We did it! We made it out of January! Now that we are finally done with what feels like the longest month of the year, I don't think I'm the only one with my thoughts turning to sunny days and summer adventures! Maybe you don't have a big vacation planned this summer and that's okay! But even our long 3 day weekends or our quick getaways to Grandma's end up costing a little more than we anticipated, and there's a way we can get a jump start on that even now, to be ready with a little extra cushion come summer time. Check out this video for tips on how to start saving now so you can do all the fun things this summer without breaking the bank!
Sticking to a financial resolution can be challenging when our excitement exceeds our preparation. The excitement and drive to set a goal to get out of debt or save for a vacation is so valuable to help keep us going when we’ve taken some time to prepare and plan successfully. Here are my 5 tips to make and stick to a family budget in 2020.
GUEST BLOGGER: LIZ VANCE
The most common New Year’s resolutions seem to always be about health and money. But we all know those resolutions can end up being frustrating or forgotten all together a few months, or even weeks, into the year. If only keeping our resolutions was as easy as making them! We’d accomplish so much! Try some of these tips to help make financial resolutions a little easier.
GUEST BLOGGER: ADRIE ROBERTS
The holiday hustle and bustle will soon be upon us. It can be a stressful time, but it’s important to keep it in perspective and remember why we go to all the effort. Author Donald E. Westlake said, “As we struggle with shopping lists and invitations, compounded by December’s bad weather, it is good to be reminded that there are people in our lives who are worth this aggravation, and people to whom we are worth the same.”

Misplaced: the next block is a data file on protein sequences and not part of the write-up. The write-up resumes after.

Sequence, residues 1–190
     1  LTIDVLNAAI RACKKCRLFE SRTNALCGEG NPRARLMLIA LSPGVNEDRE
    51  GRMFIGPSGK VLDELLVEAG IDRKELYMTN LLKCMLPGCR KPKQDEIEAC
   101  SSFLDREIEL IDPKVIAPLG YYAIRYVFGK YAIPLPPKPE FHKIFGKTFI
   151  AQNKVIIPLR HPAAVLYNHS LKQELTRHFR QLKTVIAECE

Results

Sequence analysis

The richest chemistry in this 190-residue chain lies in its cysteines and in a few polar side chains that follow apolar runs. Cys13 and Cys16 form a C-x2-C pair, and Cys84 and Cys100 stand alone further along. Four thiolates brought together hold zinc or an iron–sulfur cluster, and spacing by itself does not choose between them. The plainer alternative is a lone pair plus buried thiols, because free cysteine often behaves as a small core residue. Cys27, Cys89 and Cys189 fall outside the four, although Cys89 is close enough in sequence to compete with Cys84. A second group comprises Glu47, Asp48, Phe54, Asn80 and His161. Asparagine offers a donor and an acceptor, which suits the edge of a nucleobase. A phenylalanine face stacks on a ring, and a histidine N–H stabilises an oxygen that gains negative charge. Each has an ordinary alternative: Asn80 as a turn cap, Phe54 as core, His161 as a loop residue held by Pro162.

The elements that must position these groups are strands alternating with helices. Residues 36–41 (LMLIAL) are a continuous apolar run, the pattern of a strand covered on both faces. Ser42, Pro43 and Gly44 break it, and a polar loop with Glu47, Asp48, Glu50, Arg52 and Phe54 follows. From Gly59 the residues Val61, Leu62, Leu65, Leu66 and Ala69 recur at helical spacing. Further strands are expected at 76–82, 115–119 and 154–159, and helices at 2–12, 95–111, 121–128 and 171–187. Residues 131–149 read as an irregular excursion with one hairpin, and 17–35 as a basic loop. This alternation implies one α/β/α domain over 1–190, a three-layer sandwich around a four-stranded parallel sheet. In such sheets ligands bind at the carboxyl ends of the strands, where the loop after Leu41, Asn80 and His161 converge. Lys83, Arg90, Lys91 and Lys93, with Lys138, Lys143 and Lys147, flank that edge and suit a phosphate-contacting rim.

With that in mind, here are 10 tips for budgeting for gifts and events for those we care about.
GUEST BLOGGER: ELIZABETH DAVIS
Why do I need an emergency fund? The reason is simple really, we don’t know what is going to happen. Money guru Dave Ramsey recommends starting with a $1,000 cash emergency fund. This is SEPARATE from long-term savings and should be immediately available in case of emergency. After debt is eliminated, then save enough to cover the basic expenses without income for 3 months. This number will vary for different family's situations. What I would like to discuss is the first step. Saving $1000 dollars. Sound overwhelming? My recommendation is to make a plan that can work for YOUR situation.
Blog editor and Accredited Financial Counselor sharing real-life money smarts that can help you stay on track with financial goals while still enjoying life!
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